Mrs. Whitaker put the ruby fruit down on her kitchen table. She looked at the Philosopher’s Stone, and the Egg of the Phoenix, and the Apple of Life. Then she walked into her parlour and looked at the mantelpiece: at the little china basset hound, and the Holy Grail, and the photograph of her late husband Henry, shirtless, smiling and eating an ice cream in black and white, almost forty years away. She went back into the kitchen. The kettle had begun to whistle. She poured a little steaming water into the teapot, swirled it around, and poured it out. Then she added two spoonfuls of tea and one for the pot and poured in the rest of the water. All this she did in silence. She turned to Galaad then, and she looked at him. “Put that apple away,” she told Galaad, firmly. “You shouldn’t offer things like that to old ladies. It isn’t proper.”
She paused, then. “But I’ll take the other two,” she continued, after a moment’s thought. “They’ll look nice on the mantelpiece. And two for one’s fair, or I don’t know what is.” Galaad beamed. He put the ruby apple into his leather pouch. Then he went down on one knee, and kissed Mrs. Whitaker’s hand.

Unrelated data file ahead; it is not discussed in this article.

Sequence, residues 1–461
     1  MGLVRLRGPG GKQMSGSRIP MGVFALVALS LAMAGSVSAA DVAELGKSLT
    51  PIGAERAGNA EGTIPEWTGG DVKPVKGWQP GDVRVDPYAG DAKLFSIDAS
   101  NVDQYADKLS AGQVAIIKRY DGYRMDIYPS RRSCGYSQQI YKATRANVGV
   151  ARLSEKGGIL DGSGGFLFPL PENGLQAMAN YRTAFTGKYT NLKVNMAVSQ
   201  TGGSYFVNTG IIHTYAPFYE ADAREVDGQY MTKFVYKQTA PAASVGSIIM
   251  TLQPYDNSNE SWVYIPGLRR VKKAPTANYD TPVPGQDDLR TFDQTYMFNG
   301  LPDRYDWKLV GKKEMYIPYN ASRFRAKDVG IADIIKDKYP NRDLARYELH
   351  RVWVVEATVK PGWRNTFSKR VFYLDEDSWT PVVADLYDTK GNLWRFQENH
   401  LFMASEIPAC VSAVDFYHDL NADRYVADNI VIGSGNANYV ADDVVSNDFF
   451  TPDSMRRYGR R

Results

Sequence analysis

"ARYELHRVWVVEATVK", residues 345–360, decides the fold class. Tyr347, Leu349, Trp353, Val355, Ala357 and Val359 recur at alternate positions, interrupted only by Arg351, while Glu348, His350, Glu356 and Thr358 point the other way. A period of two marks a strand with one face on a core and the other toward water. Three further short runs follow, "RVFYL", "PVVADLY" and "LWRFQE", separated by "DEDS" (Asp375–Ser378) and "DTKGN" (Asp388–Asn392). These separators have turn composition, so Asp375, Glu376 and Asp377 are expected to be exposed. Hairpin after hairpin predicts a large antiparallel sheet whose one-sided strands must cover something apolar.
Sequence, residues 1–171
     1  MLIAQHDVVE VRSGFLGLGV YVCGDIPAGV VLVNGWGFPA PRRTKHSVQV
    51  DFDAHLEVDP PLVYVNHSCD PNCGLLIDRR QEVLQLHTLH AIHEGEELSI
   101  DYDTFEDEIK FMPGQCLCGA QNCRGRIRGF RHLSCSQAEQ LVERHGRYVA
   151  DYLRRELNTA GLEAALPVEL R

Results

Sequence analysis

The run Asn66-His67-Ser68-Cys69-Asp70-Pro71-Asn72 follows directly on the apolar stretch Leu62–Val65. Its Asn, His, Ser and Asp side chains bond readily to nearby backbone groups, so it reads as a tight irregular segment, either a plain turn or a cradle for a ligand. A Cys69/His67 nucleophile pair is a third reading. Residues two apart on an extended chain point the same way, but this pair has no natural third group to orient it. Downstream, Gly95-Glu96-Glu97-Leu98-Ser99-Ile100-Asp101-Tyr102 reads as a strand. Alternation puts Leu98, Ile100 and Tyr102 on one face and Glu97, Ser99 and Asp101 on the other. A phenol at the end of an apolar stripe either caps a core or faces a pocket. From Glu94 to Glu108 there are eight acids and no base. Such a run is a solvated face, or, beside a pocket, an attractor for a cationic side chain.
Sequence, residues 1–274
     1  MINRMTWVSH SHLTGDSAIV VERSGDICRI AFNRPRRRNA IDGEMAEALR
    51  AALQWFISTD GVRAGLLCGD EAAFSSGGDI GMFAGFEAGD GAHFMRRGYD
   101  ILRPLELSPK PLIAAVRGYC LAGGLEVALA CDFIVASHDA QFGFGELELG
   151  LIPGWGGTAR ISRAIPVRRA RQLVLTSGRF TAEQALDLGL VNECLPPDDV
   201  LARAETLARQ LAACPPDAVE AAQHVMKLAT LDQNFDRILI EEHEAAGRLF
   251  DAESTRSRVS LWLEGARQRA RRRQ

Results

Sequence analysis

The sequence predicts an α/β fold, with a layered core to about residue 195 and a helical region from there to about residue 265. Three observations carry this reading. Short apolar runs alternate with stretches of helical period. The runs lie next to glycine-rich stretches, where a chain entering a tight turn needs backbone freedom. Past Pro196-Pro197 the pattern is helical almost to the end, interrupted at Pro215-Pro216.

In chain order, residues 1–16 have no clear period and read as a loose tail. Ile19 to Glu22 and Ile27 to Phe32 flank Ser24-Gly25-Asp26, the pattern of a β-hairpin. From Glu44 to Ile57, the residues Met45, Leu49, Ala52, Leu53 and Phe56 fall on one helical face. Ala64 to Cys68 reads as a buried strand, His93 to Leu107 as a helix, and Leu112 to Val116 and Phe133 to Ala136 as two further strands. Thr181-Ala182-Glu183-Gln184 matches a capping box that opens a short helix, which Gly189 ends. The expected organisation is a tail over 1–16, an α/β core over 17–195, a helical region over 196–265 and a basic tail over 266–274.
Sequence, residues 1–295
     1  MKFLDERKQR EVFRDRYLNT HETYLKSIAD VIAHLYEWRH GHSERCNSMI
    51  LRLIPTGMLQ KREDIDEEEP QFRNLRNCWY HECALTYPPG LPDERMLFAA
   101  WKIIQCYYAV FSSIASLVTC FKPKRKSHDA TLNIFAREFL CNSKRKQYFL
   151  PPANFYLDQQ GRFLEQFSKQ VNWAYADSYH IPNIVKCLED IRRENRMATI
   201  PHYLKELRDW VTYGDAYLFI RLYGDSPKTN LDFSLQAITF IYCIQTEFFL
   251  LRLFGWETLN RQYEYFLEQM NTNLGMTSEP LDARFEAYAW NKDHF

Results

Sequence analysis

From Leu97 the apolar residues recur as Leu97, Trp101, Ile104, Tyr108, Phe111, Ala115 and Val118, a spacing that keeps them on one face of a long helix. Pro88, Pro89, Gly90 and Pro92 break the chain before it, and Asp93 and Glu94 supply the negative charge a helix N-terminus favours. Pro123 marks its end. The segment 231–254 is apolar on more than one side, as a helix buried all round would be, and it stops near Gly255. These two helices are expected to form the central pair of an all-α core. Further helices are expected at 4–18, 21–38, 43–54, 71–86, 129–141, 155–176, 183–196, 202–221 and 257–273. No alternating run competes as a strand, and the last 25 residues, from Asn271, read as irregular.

“Stop that,” said Mrs. Whitaker. She poured them both cups of tea, after getting out the very best china, which was only for special occasions. They sat in silence, drinking their tea. When they had finished their tea they went into the parlour. Galaad crossed himself, and picked up the Grail. Mrs. Whitaker arranged the Egg and the Stone where the Grail had been. The Egg kept tipping on one side, and she propped it up against the little china dog.
“They do look very nice,” said Mrs. Whitaker. “Yes,” agreed Galaad. “They look very nice.”
“Can I give you anything to eat before you go back ?” she asked. He shook his head.
“Some fruitcake,” she said. “You may not think you want any now, but you’ll be glad of it in a few hours’ time. And you should probably use the facilities. Now, give me that, and I’ll wrap it up for you.” She directed him to the small toilet at the end of the hall, and went into the kitchen, holding the Grail. She had some old Christmas wrapping paper in the pantry, and she wrapped the Grail in it, and tied the package with twine. Then she cut a large slice of fruitcake and put it in a brown paper bag, along with a banana and a slice of processed cheese in silver foil. Galaad came back from the toilet. She gave him the paper bag, and the Holy Grail. Then she went up on tiptoes and kissed him on the cheek.